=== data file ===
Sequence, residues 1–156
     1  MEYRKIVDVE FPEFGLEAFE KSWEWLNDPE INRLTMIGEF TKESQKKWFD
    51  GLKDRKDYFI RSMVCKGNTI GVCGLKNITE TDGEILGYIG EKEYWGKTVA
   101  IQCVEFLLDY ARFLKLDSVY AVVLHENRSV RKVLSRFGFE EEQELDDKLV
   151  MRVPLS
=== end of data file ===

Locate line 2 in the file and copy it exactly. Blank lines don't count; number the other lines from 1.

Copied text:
     1  MEYRKIVDVE FPEFGLEAFE KSWEWLNDPE INRLTMIGEF TKESQKKWFD